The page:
Rare Book Hub is heavy on old books and paper so it’s reasonable to spend an hour and a half watching a movie on the subject: The Booksellers directed by D. W. Young. It was released in September 2019, just a nano second ago in the world of old books. Nope, I hadn’t been aware but thoroughly enjoyed it recently.
It’s 98 minutes of absorbing dialogue making the case that dealers are the gatekeepers to the great books. So it has been for 3 centuries.
Dealers and librarians have long deserved praise for their efforts to organize and structure the rare book field. Joseph Sabin was both a dealer and an auctioneer in the second half of the 19th century, when he began his Bibliotheca Americana in 1867 [to be completed posthumously in 1936]. Charles Evans as a librarian created his American Bibliography, adding intellectual structure to the world of collectible books during his 31 year project that completed in 1934. In the 1950’s Wright Howes, a specialist dealer, introduced Usiana to help the interested to understand and identify early non-fiction Americana. In his era his book was a boon to understand the relationship between issue, rarity and value. Such tools have always been essential and widely appreciated. To dealers and librarians, we owe a profound debt.
With the advent of the internet a different kind of resource emerged; the listing sites that the knowledgeable could initially apply their understanding to look for rarities being offered at low prices. For this reason during the early years the internet was the skilled dealer’s friend although, since 2001 the garter snake turned into a python as Abebooks alone now lists more than 170 million items. Scale turned the selling sites into a new kind of reference.
Into the transformational year 2019 The Booksellers, filmed between 2015-18, was introduced and spoken of as if the traditional dealer dominated game was continuing, just as Covid-19 was rewriting the script creating a sense of nostalgia for the bookselling world we have long appreciated. In the juxta-position of the emerging world and the world on view in the film we could see that world was already slipping away.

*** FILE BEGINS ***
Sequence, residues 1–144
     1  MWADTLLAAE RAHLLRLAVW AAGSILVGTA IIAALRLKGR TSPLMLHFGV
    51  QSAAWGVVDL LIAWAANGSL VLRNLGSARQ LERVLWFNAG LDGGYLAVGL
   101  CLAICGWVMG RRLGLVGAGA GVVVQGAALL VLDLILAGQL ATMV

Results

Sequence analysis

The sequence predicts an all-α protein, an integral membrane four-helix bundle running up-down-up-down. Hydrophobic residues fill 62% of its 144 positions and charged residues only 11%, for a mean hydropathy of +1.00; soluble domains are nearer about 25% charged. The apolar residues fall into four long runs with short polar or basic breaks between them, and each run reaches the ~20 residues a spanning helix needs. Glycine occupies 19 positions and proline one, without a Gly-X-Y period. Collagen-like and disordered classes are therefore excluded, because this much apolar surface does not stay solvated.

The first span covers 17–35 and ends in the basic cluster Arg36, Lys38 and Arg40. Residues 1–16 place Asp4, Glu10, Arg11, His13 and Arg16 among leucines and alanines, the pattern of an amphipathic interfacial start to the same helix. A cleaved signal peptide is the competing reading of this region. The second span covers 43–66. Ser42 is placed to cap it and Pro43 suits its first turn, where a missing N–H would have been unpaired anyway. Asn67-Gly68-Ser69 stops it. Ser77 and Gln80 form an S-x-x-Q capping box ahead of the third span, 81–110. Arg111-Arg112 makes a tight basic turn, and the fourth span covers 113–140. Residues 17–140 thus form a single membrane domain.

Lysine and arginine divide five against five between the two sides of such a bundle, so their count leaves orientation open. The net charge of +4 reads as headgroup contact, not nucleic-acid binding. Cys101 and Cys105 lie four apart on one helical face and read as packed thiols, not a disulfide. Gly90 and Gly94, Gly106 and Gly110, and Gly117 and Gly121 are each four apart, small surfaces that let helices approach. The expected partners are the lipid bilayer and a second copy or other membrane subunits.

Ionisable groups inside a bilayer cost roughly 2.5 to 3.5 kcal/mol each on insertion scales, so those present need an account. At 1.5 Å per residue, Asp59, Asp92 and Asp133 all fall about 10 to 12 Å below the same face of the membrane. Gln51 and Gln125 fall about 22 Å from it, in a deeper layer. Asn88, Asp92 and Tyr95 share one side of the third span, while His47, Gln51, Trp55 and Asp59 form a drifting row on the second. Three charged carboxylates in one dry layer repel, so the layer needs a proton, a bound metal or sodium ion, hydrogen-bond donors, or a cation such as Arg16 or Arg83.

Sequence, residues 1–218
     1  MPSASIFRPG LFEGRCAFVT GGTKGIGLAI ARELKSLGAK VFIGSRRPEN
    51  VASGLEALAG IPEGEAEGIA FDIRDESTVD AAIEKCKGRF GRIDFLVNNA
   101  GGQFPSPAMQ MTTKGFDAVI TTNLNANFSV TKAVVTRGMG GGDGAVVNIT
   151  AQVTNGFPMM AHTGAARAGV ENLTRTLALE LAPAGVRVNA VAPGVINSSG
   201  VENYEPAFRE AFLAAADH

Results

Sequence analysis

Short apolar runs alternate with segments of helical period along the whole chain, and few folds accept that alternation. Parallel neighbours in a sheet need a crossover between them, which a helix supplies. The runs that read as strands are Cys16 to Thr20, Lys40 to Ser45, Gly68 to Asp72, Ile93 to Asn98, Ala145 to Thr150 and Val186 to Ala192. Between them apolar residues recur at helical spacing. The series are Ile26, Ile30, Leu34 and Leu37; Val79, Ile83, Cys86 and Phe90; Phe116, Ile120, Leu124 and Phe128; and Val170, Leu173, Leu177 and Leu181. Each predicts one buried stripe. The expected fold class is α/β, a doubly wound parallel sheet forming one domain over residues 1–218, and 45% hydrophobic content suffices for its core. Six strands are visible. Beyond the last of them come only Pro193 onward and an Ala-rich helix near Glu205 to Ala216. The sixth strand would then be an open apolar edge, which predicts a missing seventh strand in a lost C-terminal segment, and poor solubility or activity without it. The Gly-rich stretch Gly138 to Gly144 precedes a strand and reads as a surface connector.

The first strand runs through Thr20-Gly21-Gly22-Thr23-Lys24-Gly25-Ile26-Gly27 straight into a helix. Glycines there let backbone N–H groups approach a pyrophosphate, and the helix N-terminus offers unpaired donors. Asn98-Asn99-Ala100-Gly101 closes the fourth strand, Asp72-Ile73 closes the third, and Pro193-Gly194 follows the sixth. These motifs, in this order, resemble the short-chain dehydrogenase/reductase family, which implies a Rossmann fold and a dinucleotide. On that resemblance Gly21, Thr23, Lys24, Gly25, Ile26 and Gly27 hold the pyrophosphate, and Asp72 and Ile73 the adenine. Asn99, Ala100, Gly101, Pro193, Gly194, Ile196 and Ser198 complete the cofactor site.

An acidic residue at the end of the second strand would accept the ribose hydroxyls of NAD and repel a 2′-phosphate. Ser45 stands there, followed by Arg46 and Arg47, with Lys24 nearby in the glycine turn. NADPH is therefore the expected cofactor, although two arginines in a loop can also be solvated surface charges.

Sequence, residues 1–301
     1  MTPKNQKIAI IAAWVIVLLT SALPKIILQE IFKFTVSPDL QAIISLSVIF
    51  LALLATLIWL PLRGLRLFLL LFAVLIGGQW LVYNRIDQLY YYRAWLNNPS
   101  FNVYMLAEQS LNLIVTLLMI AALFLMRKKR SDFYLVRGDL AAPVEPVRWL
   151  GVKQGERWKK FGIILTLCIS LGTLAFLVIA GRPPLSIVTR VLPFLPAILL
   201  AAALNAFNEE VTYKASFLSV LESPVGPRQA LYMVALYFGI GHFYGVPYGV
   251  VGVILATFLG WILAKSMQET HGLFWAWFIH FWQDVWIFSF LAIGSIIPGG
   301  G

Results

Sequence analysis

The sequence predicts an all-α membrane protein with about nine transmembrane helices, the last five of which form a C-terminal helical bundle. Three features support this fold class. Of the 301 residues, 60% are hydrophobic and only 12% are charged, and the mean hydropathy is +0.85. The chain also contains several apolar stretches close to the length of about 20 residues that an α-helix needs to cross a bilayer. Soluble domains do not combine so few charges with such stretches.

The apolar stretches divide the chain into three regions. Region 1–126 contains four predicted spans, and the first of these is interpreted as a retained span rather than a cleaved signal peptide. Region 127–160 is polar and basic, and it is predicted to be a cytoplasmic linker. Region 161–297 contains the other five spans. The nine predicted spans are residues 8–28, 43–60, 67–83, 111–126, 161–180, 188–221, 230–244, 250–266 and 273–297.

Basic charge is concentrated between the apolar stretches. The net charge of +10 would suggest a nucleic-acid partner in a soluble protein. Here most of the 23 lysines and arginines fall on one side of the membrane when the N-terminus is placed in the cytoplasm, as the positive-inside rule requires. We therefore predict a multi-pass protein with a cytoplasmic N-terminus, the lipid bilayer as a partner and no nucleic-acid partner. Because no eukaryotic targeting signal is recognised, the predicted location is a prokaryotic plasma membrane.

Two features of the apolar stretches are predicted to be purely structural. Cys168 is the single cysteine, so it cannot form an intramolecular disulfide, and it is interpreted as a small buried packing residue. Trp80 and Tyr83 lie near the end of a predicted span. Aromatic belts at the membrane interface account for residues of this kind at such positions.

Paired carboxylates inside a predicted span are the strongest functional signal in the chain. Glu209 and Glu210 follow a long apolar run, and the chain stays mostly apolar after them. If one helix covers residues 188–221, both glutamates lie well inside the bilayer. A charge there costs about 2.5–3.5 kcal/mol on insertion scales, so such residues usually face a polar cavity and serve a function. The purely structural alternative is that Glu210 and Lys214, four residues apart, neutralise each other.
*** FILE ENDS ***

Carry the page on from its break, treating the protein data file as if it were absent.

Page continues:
Catalogues and book fairs are now being reconsidered.
Realizing the high expense and limited reach of paper catalogues, dealers are now issuing electronic catalogues. They can now reach everyone everywhere, rather than just a handful of people on their mailing list, and they can update and add to their catalogues in real time. With Covid-19, they opened up virtual fairs, and while with the winding down of Covid-19 live fairs are returning, the virtual fair, with all its advantages in terms of reach and updating, and access any time of the day for any number of days, and lower costs for both dealers and buyers, has become a permanent part of the landscape. And while auctions have eaten into the market, dealers are increasingly responding with an if you can't beat them join them answer by starting their own auctions.
So to me this film, wonderfully done, feels out-of-date but can I also say “not-to-be-missed.”
I look forward to the next film that will reflect the many changes that are transforming the field: the first being the surge of both new auction houses and more sales being offered by the established houses; the reliance on auction history as guides to rarity and value; and the intensification of collecting scope based both on what’s possible over variable time frames. Dealers’ advantage was knowledge and these days information is much more widely shared. But, as the builder of the largest database of auction and bibliographical history, I want to acknowledge that what separates the facts and the great copies is the wisdom great dealers possess.
When you sit down to see the film appreciate that America’s great Americanist, Bill Reese, made his last appearance, in this film. He was, for more than 20 years, the captain that steered, by suggestion and example, how the principal dealers should be adjusting.
It is our tough luck that he passed away 2 years ago. And our tougher luck that this recent film is feeling dated so quickly.
To see this movie on your phone, iPad and computer you have many opinions.. To pursue them search for “The Booksellers”:
- For free if you are an Amazon Prime member
- On Vudu for free
- On YouTube from $3.99
Here is the story in the New York Times that woke me from my slumber